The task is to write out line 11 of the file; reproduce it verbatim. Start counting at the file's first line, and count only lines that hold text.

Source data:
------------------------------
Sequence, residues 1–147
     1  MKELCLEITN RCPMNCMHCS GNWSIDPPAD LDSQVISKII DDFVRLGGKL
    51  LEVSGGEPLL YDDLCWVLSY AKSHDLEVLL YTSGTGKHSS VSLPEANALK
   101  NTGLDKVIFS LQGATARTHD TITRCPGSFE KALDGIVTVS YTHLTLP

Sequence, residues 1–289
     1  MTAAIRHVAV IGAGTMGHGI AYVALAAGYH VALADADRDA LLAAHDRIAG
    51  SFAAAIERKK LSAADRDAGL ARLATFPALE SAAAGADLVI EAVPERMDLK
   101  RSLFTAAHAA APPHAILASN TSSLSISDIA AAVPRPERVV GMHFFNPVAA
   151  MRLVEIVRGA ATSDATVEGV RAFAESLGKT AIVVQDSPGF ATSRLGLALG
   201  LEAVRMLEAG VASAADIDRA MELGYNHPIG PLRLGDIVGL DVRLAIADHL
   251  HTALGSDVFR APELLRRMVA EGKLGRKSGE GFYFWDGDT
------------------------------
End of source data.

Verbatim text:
   251  HTALGSDVFR APELLRRMVA EGKLGRKSGE GFYFWDGDT